itself over in your hand and identify what material it is.
Tintype: 1860- early 1900s.
The above rarity comparison and dates should give you a start
at identification, especially if you are looking an online auction
where you don't have the item in front of you. If a photo shows
a baseball player in 1880s uniform, it could not be an ambrotype
or Daguerreotype. As basketball was invented in 1891, there can
only be basketball tintypes. As boxing has a long and storied
history, there can be all three types of boxing photos. Percentage
wise, the random sports D/A/T is most likely to be a tintype.
The tintype and rarer ambrotype have similar and sometimes
indistinguishable images, especially when the Ambrotype has a
dark colored glass. In some cases the only way to identify is
to look at the back and of the photo and see if it is made out
of glass or iron. The Ambrotype's image often has a 3-dimensional
effect when examined closely, as the shadows and highlights are
on different levels of the glass (image on front, black backing
behind the glass). The tintype image, on the other hand, is flat
and has a 2-D image. Tintypes are attracted to a magnet, while
Ambrotypes and Daguerreotypes are not.
The Daguerreotype image has a magical, mirror-like quality.
The image can only be seen at certain angles. A piece of paper
with writing will be reflected in the image, just as with a mirror.
If well developed and preserved, the images are of highest quality,
crystal clear and with great detail.
The following is a closer look at each type:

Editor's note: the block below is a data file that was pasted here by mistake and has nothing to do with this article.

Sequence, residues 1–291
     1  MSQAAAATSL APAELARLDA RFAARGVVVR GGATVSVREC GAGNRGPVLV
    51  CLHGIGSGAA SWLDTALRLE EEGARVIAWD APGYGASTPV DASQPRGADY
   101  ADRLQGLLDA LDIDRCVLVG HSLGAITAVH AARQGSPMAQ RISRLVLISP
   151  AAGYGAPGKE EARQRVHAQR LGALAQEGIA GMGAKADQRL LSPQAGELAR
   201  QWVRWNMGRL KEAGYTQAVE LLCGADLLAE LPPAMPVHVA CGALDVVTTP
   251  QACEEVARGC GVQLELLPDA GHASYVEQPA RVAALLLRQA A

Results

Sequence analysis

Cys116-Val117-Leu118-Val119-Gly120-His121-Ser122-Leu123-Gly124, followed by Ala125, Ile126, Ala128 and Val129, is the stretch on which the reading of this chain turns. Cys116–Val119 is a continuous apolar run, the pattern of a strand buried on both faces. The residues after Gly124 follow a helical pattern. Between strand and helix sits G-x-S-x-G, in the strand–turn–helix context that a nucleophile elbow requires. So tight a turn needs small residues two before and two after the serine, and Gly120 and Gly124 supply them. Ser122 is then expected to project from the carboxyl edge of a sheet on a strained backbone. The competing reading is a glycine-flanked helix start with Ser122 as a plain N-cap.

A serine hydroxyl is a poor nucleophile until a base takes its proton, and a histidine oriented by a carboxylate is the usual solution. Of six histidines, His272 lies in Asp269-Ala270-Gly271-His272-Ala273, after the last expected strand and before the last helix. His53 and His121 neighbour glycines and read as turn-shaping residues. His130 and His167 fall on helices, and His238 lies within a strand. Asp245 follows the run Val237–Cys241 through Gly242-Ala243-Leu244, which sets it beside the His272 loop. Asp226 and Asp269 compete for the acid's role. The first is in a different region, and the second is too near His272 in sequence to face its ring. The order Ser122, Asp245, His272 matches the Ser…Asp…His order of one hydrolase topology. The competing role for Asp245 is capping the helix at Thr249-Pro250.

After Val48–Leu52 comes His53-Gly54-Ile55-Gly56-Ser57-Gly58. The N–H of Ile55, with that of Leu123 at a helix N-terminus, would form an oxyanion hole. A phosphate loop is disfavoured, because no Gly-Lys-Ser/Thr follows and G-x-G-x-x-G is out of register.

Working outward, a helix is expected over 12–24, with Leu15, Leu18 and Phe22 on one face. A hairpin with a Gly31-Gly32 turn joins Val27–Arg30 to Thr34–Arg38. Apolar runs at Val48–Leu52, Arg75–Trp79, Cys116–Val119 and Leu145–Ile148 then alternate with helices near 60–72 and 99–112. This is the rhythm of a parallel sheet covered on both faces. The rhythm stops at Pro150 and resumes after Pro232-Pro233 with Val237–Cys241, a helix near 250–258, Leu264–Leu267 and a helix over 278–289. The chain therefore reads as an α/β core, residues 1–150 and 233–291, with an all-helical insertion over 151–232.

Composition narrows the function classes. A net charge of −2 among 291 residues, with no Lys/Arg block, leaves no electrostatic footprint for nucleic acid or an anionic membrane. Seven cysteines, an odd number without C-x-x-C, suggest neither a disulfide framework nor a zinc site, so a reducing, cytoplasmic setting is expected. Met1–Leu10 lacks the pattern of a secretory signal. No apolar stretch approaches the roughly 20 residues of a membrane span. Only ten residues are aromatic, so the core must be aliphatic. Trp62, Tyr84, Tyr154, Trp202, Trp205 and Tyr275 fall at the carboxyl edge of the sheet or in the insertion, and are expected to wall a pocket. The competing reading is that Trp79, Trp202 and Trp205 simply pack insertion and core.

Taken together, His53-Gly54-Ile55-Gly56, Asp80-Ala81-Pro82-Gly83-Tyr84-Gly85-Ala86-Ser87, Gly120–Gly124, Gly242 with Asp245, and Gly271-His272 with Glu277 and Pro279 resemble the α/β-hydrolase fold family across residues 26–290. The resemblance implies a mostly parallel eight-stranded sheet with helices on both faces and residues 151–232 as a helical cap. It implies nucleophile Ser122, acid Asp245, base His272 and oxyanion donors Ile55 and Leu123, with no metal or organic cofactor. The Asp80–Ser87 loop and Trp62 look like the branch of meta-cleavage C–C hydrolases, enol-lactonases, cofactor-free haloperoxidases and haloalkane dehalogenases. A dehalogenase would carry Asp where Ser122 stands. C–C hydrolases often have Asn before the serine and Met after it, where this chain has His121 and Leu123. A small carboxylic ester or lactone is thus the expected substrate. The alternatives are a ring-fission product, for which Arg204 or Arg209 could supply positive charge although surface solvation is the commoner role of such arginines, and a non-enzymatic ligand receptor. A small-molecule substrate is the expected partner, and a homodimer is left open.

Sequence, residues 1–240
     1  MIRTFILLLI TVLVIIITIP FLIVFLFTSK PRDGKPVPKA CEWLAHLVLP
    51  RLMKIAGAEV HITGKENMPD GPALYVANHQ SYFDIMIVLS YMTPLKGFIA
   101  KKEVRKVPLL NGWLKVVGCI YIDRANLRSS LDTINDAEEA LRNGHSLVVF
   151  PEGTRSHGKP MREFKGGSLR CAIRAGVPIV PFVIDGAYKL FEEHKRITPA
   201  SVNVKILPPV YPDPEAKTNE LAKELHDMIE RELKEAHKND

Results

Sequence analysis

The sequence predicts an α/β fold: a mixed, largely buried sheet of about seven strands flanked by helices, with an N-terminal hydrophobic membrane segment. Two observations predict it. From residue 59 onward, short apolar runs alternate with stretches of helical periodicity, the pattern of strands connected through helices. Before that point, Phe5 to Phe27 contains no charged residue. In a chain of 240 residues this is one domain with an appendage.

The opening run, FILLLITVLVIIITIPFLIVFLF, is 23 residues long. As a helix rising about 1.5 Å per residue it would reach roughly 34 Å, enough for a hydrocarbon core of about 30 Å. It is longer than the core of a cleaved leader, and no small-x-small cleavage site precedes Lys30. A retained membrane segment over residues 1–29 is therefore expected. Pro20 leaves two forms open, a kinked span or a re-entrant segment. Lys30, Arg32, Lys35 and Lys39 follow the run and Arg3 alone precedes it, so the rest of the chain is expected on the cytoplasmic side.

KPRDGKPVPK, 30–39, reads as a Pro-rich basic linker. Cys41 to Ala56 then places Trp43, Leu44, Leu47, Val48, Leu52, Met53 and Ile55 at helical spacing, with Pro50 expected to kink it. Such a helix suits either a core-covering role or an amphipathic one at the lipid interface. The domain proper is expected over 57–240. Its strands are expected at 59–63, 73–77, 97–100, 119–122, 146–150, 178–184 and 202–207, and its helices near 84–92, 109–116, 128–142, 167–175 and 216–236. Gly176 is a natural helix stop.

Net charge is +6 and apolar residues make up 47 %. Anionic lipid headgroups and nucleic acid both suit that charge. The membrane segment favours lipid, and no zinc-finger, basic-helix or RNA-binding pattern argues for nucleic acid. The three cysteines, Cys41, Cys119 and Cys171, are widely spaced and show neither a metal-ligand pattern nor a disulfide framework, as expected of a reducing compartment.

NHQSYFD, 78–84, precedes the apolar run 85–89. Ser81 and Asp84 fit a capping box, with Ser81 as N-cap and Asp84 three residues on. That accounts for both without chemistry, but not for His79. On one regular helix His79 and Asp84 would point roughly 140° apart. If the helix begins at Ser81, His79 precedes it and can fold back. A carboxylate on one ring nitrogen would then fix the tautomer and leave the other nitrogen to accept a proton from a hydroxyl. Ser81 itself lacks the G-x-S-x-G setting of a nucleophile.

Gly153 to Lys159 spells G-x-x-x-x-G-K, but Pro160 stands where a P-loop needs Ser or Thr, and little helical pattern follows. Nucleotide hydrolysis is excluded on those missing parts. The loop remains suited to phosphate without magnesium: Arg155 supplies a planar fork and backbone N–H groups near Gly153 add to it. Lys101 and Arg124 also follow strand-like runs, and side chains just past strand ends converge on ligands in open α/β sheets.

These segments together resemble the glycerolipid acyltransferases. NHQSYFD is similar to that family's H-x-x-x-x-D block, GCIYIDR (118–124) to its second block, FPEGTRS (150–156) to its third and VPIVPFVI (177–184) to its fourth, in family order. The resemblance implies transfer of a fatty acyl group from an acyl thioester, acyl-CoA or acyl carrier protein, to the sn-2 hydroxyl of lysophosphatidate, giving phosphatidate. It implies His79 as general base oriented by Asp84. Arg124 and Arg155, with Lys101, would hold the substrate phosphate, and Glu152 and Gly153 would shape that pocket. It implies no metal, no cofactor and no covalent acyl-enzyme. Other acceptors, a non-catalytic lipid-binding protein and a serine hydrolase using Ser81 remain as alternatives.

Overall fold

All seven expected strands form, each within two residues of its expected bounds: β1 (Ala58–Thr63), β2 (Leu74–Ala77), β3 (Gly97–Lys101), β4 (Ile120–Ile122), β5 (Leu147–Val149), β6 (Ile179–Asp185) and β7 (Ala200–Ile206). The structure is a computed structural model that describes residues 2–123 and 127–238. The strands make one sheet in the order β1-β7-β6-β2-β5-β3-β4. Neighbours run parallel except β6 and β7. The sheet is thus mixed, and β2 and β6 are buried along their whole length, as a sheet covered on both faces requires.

1860s tintype with worse than usual
The tintype process was especially popular in the United States.
Unlike Daguerreotypes and Ambrotypes, tintypes were usually not
held in cases (cases described later). Some are sold in metal
frames, with the frame often not original to the tintype.
Early tintypes were thick and heavy and usually bear the imprint
of the manufacturer. Chocolate colored tintypes were produced
after the 1870s. While large sizes were produced for many years,
tiny 'gem' tintypes (about 1" X 1") were made starting
in 1863. These were often sold in bunches and put in albums or
special cards or envelopes that look like cartes de visite. These
tintypes in cartes often have the photographer's price list on
the back. Later on, tintypes were given a protective coat of
varnish and were sold with out case or other holder. Tintypes
from the turn of the century were usually small and of lesser
image quality, sometimes held in envelopes.
tintype in case
The Daguerreotype is considered to be the most desirable of
the three types. It is historically significant as the first
practical photograph, depicts early subject and the image quality
is superior. Some collectors consider the Daguerreotype to be
even superior in image quality to modern processes.
The manufacturer's symbol was stamped on full plates before
the plates were sold to the photographer. This stamp is sometimes
used to give a date to Daguerreotypes. However as the photographer
often cut the plate into smaller parts, the symbol won't appear
on all Daguerreotypes.
Most Daguerreotypes were held in cases.
badly damaged Daguerreotype
The Ambrotype was the popular successor to the Daguerreotype.
While the image was inferior to the Daguerreotypes, it was cheaper
and easier to produce. It is generally considered to have an
image quality between Daguerreotypes and tintypes.
The glass plates do not bear dating marks as with the Daguerreotype
plates. Early Ambrotypes had a second plate of glass sealed to
the image. This process was discontinued in the 1850s. The use
of the darker colored coral glass began in the late 1850s. As